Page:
No, that is not a typo in the headline. HIIT stands for high intensity interval training, and if you’re not incorporating it into your workout, you are missing a great calorie burner and time saver. How could it possibly get any better than that? Workout for less time and burn more calories? Score!
Oh yeah, there’s one catch: you have to work HARD. Like this dude.
You don’t have to look like this guy to do HIIT–it’s not just for physical specimens–but you should take a cue from his expression. He is pushing his limit for sure. But before you get scared away, understand the key to that sentence is “his limit.” Here’s what I mean: HIIT uses short bouts of maximum intensity exercise paired with light to moderate intervals of recovery. But depending on age and fitness level, your body’s version of maximum intensity could be much different from sprinter man there.
HIIT is doable for most healthy individuals who have been exercising consistently at a moderate intensity. If you are brand new to exercise, or if you have limitations due to injury or disease, start building a base level of fitness. Always check with your doctor before you start any new exercise program, particularly one that includes HIIT.
Why do HIIT?
Generally, we exercise at 60–85 percent of our maximum heart rate, for 30 minutes or more. This stresses the aerobic system, and is a low to moderate level of intensity that can generally be maintained for extended periods of time. Once we push past the upper range of the aerobic system, the body calls on the anaerobic system to delivery energy to muscles. It’s impossible to maintain this level of effort for long because the body can no longer keep up with energy demands. Soon the body must slow to replenish fuel for the anaerobic system. So why does this matter?
- alternating between maximum and moderate intensity allows both the anaerobic and aerobic systems to reap benefits, leading to improvements in your overall fitness level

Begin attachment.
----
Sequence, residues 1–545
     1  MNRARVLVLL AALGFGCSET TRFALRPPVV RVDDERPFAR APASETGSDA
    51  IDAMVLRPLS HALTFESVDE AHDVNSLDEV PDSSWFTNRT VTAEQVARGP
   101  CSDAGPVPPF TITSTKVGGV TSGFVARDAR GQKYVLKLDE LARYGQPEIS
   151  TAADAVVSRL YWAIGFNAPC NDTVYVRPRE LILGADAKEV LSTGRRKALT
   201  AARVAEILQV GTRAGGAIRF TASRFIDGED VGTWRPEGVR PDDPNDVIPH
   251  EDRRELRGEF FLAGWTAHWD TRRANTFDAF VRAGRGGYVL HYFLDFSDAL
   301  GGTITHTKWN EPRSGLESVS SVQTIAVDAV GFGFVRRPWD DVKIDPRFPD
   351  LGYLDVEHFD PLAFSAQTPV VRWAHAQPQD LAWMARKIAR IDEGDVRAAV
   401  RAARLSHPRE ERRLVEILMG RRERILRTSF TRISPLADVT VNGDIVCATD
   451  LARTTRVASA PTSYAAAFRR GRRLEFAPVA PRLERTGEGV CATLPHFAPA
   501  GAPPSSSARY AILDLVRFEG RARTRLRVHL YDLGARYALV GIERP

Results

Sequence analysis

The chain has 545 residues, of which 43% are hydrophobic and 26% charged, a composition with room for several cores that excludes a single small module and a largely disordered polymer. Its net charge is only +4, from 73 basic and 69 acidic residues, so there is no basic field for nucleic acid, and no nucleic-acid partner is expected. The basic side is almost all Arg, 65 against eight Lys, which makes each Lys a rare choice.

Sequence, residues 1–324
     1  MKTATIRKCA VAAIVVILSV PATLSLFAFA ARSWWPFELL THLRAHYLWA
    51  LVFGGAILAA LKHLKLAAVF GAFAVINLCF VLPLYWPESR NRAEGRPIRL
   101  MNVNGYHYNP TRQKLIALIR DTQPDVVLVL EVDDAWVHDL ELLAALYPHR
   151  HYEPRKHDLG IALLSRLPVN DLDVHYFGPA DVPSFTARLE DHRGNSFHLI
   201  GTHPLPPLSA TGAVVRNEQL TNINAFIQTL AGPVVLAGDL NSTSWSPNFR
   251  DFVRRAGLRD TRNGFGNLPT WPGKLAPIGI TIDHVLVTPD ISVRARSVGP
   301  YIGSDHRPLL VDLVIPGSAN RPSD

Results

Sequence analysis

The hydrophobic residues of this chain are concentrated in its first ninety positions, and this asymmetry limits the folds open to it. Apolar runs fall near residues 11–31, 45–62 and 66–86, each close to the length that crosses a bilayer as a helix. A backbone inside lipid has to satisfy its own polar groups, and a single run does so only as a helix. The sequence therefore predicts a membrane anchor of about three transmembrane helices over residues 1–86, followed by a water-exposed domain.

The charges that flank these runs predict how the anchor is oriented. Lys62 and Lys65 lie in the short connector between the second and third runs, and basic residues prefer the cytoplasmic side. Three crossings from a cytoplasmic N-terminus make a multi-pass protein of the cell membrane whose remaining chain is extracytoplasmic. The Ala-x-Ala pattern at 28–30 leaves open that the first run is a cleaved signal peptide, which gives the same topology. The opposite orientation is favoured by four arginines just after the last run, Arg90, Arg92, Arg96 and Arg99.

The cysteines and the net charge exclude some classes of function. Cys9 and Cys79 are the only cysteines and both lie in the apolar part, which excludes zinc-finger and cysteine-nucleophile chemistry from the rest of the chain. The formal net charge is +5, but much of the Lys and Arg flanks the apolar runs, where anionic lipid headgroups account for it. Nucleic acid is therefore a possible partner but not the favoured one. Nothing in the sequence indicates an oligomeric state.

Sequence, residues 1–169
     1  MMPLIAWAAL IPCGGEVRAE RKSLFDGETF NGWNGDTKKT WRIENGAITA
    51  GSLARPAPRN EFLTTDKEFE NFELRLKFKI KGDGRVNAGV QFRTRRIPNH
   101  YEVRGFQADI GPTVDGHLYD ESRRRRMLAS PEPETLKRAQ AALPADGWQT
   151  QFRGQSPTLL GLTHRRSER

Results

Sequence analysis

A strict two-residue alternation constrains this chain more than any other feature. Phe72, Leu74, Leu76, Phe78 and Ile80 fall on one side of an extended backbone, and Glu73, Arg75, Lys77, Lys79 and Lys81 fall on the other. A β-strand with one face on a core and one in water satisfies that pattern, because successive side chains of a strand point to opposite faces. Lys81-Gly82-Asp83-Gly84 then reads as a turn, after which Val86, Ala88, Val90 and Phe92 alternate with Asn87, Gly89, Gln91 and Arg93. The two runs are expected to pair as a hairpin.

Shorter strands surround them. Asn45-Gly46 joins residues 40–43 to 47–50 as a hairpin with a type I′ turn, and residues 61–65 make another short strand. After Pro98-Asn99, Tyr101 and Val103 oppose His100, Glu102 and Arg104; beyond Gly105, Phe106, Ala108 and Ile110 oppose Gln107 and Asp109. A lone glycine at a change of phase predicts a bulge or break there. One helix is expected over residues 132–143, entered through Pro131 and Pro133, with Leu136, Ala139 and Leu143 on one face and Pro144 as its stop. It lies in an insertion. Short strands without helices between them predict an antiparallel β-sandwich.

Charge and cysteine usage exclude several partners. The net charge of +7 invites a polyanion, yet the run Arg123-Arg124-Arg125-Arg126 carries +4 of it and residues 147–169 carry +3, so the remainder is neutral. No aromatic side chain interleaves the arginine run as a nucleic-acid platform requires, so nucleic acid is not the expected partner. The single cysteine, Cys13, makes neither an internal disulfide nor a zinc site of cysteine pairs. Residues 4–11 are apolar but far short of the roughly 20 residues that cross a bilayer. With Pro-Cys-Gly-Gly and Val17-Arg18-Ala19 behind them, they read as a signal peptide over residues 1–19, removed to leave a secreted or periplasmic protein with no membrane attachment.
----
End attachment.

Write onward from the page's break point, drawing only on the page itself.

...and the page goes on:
- higher intensity exercise burns more calories in a shorter amount of time through a phenomenon called EPOC, or excess post oxygen consumption. The body has to work harder to recover from such an intense session, meaning your rate of metabolism can stay elevated for up to 24 hours post-workout
- studies indicate HIIT seems to preserve muscle tissue that is often lost during longer duration aerobic exercise
- HIIT relieves stress, shows you what you are made of and is a great excuse to make funny faces while you exercise!
How to do HIIT
While elite athletes can often sustain maximum intensity for up to three or four minutes, most people poop out before that. Start with 20–60 seconds all-out effort (over 85 percent of max), and 60–120 seconds of recovery (about 70 percent of max).
Your body will send you cues if you need to adjust your intervals. A burning sensation in your muscles tells you you’ve reached your upper limit for that interval. If your heart rate dips lower than about 70 percent of your max, you are taking too much recovery. If after 60–120 seconds your heart rate is still very elevated, take more time to bring it down and modify your work and/or recovery intervals.
There are a couple of ways to gauge your intensity when doing HIIT workouts. You can use a heart rate monitor (more on those here, and here), or you can use an RPE scale. RPE stands for rate of perceived exertion, and it’s a simple system for judging your workout intensity. On a scale of 6–20, with 6 being the effort it takes to sit in a chair, and 20 being the hardest work you could imagine, rate your level of exertion. RPE correlates with heart rate (6 is 60 bpm and 20 is 200 bpm), so whether you are using a monitor, or RPE, your work phase should be over 85 percent of your max. Use this tool to calculate different ranges.
If you are able to maintain 30 + minutes of aerobic exercise, aim for a 20 minute HIIT workout. Make sure to do an adequate warm-up of at least 5 minutes, and cool down at the end of your workout. Listen to your body! This is hard work people, so if you experience pain, light-headedness or difficulty breathing (you know what I mean), slow down immediately.
While the treadmill might seem an obvious choice, many modes of cardiovascular exercise lend themselves to HIIT. Anywhere you can manipulate your intensity works for HIIT. Try the elliptical, bike or even outdoors. Pair up and race a partner, then recover together. You can even incorporate HIIT into your strength training workout, by doing cardio or body weight intervals (squat jumps, jumping jacks, mountain climbers) with slower sets of single muscle exercises (lateral raises, biceps curls, triceps extensions). Think boot camp
Never do HIIT two days in a row. Your body needs adequate recovery from this type of workout. Start with once or twice a week, always alternating with days of low or moderate intensity exercise, strength training and flexibility training.
I’m not saying it’s going to be easy, but if you’re looking to kick it up a notch, this is the way to do it. Enjoy!